Officials Seek Means to Deal With Defense Cuts


The gloomy defense industry report issued this week by Los Angeles County underscores the need for advance planning to shield San Diego County from the economic pain being caused by defense spending cuts, local officials said Tuesday.

Los Angeles County could lose as many as 420,000 jobs by 1995, while the county's personal income total could shrink by $84.6 billion during the coming decade, according to the report.

The economic havoc facing Los Angeles "makes me feel that we'd better start working faster" to buffer the San Diego's economy from defense spending cuts prompted by the Cold War's end, said Kurt Chilcott, the city of San Diego's deputy director of economic development.

Last week, city officials allocated $184,000 for an "action plan for a comprehensive local defense industry adjustment program," Chilcott said Tuesday.

City officials will use the funds to canvass San Diego's defense-contracting community to determine where layoffs will occur, what types of workers will be laid off and how the city can help businesses switch to non-defense production.

Economic pain in Los Angeles, by far the nation's most defense-dependent region, will be shared by San Diego County as defense cuts continue, according to Max Schetter, a senior vice president with the Greater San Diego Chamber of Commerce. "Many of our local suppliers are suppliers to prime contractors in San Diego and Los Angeles, so we're going to feel a ripple effect," Schetter said.

"Los Angeles is obviously going to be hurt a lot worse than we are for variety of reasons," said Dan Pegg, president of the San Diego Economic Development Corp. "But we're going to start to feel, to a degree, what Los Angeles has felt."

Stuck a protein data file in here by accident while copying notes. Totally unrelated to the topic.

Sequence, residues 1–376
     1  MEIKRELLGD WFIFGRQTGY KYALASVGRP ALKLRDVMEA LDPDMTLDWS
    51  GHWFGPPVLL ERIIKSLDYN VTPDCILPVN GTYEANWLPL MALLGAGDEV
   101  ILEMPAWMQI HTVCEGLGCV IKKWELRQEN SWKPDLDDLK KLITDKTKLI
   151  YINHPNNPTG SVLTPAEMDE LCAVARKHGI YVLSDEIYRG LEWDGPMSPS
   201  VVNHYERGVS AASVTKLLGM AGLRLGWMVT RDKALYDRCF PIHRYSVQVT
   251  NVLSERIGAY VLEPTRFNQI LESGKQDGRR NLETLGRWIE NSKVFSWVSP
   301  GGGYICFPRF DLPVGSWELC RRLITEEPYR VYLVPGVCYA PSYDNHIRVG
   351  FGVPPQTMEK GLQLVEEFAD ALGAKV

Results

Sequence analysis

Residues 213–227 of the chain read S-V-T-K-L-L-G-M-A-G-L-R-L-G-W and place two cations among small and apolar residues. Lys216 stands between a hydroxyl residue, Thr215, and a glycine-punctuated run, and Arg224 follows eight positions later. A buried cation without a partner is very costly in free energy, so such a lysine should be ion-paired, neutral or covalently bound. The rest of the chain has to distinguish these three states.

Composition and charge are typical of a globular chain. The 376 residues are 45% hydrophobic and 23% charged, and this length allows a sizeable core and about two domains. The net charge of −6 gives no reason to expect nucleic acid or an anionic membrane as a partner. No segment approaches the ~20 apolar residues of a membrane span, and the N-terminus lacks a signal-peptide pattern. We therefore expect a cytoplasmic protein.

Although not as dominant as in Los Angeles, defense contracting remains a big business in San Diego County. Defense contracting payrolls accounted for about $5.1 billion of the county's $59.4 billion gross regional product during 1991.

In February, San Diego County's largest defense contractors indicated they will lay off an additional 2,500 to 3,500 employees during 1992, according to the San Diego Consortium and Private Industry Council, which provides job training for laid-off San Diegans. Defense contractors laid off an estimated 3,660 people during the past two years, according to the consortium.

But the defense industry layoffs in the county will rise even more than the consortium's estimate because many larger defense contractors have declined to discuss staffing plans, and the consortium did not contact hundreds of San Diego's smaller contractors and subcontractors.

"We believe that the 2,500 to 3,500 figure is just the tip of the iceberg," consortium spokesman Earl Parker said Tuesday. The estimate was based on conversations with executives at just a handful of the county's largest defense contractors, Parker said.

Los Angeles' dire report "shows how vital the need (for advanced planning) is," San Diego City Councilman Bob Filner said Tuesday. "This is not just an intellectual exercise . . . economic conversion is a matter of economic survival."

Los Angeles' report "underscores that this is a crisis facing our community," said Marcia Baruta, executive director of the San Diego Economic Conversion Council, which was created in 1985 to redirect defense-related spending into the commercial sector.

"The Los Angeles report will hopefully make more people take economic conversion seriously, as something we need to do," Baruta said. "We need to use savings from defense cuts to create new jobs."

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